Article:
What You Need - Safety Items

These are some of the items that we suggest you keep inside your shelter.  A sealable plastic storage container works very well for this purpose.

  1. First aid kit.
  2. Two day supply of critical medications such as heart or blood pressure med's, diabetic supplies, asthma inhalers, an old pair of reading glasses or contacts.
  3. A complete change of clothes for each family member, including shoes.
  4. Clean towels to help stabilize any severe trauma until help can arrive.
  5. Crescent wrench or large and small adjustable pliers to shut off gas valve on meter or propane tank if any damage has been sustained.
  6. Claw hammer and pry bar.
  7. Battery powered flashlight or lantern with an extra set of fresh batteries.
  8. Two day supply of water, 1 gallon per day per person, and one pull-off-top can of soup for each person.
  9. A magnetic key holder placed under the steps with house or car keys in case of accidental lock outs.
  10. A large blanket.
  11. Lawn chairs for comfort in case of an extended period of dangerous weather.
  12. Battery powered NOAA Weather Radio
  13. Credit card or a small amount of cash.

Other Suggestions...

For those of you who don't have your video catalog of all your household and shop contents for insurance purposes in a lock box at the bank, we suggest that you place it in a sealed ziploc bag and place it in the bottom of your storage container.

We also suggest periodically checking the vents to ensure that no vines or plants have blocked them stopping circulation.

Those with top entry shelters installed under a deck should check door clearance after a rain and periodically there after to ensure that the deck does not swell or move and block the door.

5 Things you should have in your shelter

If you don’t have a safe-room, basement or storm cellar, you need to designate one single place in the house as a tornado shelter. And you need to make sure to have these items securely placed in this location.

  1. Medication. If you have a serious illness that requires special medication, you need to keep an extra supply of that medication tucked away in your storm shelter. Remember—the bigger the tornado, the higher the likelihood that roadways are obstructed keeping the semis that bring food and medicine from getting into town. If the power is out, the stores can’t open. Hospitals will likely be jam packed. Doctor’s offices would likely be closed. A small stash of that medication is a great idea. If you wear glasses or contacts, keep extra stashed away.
  2. Simple food. No fancy prep work required. It’s not going to be tasty; it’s not meant for dinner parties, it’s meant to feed you and your family for a few days. You will need your strength. I could eat peanut butter out of a jar for days, and peanut butter keeps for a long time. Put some crackers in there and you’ve got a big snack/small meal. Tuna doesn’t need to be cooked, now comes in pouches and is high in protein. If you have an infant, you need some extra baby food. Try to put some bottled water in there too. If you have a dog or a cat, put a little dog or cat food in there.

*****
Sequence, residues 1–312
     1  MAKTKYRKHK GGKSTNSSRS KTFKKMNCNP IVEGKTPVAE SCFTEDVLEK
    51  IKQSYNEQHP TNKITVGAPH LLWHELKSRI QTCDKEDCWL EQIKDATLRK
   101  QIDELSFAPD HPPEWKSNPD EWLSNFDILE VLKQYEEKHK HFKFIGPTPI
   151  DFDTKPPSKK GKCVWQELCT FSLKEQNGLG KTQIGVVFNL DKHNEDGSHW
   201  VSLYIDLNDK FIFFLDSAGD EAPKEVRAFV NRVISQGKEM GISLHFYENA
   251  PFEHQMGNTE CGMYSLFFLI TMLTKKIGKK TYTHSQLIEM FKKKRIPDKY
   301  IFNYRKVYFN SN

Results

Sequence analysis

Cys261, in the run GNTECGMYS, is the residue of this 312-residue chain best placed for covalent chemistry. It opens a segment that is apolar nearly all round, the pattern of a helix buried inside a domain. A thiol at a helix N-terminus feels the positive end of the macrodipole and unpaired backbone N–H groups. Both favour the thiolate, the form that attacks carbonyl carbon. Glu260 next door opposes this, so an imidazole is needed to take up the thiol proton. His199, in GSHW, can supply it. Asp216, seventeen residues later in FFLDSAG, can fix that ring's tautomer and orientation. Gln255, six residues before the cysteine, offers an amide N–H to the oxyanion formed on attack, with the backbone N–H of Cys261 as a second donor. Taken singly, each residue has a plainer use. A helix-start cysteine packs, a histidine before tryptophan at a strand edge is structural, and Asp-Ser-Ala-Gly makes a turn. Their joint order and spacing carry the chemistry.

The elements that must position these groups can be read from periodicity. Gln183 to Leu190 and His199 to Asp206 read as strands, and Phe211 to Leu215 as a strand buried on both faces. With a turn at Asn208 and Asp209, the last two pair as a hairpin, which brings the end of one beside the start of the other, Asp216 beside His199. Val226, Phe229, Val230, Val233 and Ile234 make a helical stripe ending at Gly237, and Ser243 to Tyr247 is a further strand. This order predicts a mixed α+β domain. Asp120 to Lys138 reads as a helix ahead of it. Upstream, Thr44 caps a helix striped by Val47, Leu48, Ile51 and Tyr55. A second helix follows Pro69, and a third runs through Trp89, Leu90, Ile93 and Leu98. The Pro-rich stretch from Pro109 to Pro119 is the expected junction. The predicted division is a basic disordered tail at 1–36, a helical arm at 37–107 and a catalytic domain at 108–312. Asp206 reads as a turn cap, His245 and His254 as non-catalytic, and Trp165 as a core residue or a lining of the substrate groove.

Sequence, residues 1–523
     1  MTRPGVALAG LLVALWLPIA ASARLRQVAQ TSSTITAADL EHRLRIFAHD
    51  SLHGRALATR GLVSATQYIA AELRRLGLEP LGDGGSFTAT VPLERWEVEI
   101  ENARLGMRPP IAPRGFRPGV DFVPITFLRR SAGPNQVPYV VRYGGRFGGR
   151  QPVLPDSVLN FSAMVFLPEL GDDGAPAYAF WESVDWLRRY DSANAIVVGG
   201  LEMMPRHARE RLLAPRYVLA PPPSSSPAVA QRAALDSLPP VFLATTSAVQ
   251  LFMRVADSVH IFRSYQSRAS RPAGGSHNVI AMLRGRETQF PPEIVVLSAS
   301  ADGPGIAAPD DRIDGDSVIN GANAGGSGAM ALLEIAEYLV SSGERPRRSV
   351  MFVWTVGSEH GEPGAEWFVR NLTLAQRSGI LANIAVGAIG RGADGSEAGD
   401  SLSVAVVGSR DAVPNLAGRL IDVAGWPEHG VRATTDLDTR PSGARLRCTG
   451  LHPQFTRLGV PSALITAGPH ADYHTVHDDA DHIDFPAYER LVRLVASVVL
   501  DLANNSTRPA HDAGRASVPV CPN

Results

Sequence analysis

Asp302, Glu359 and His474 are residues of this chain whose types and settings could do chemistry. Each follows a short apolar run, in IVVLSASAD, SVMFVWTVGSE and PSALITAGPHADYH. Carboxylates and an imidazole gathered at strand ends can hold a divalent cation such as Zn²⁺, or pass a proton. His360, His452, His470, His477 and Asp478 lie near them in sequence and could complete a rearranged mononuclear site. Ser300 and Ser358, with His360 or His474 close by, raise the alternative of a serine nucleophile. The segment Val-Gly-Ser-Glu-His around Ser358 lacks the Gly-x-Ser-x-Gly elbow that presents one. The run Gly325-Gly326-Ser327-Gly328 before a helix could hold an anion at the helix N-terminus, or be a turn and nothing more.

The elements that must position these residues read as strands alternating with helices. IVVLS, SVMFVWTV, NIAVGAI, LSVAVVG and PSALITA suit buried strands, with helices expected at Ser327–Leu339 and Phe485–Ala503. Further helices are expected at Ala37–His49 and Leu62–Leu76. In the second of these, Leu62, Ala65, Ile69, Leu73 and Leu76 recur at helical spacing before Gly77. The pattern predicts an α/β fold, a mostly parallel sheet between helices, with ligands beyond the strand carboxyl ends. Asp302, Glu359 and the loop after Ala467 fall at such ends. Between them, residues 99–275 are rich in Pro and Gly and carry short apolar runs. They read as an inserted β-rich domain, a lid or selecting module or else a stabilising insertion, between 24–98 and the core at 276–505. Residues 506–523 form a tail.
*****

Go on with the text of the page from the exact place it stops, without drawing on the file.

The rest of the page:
3. " Lumberjack” clothes. You want protective clothing. Most important—boots, thick socks, solid rugged jeans and a coat. After a tornado, debris will be everywhere. Wood, glass, nails, and pieces and parts from everything. The boots, socks and jeans will protect your legs and feet. The coat is there in case your tornado is followed by chilly air.
  4. A copy of all of your important papers. Keep it simple. Make sure you have your insurance papers, identification papers and even a list of phone numbers for credit card companies, etc. Some information about your vehicles wouldn’t be a bad idea. You won’t have room for everything, but the more information you have, the easier it will be to get the ball rolling after the storm.
  5. A battery-operated cell phone charger. I’ve got one for my iPhone. It runs off of “AA” batteries, so you’ll want extra batteries. They have solar powered chargers too. It might sound strange, but think about it. Now you can make arrangements for a place to stay, reassure family and friends that you’re ok and have a way for the insurance company to contact you. I saw lots of people posting their post-storm status on Facebook using their cell phone after the Alabama tornado outbreak. It’s simpler than making 50 phone calls.

Now, you can get really fancy and have coloring books for the kids, extra car keys, a first-aid kit, etc. I’m just getting you the basics to get you through the first few hours and days. Most of this stuff will keep for years. The food might need to be freshened every six months to a year. Even with that, the hour or two that you spend a year setting up and stocking your shelter WILL pay off in the event of a tornado.

Got an iPhone or iPad? Download our new  2 Works for You Interactive Weather Center app in Apple's app store!

And don't forget to sign up for severe weather email alerts sent to your inbox. Soon after the National Weather Service issues a warning for the county or counties of your choosing you'll be alerted with an email.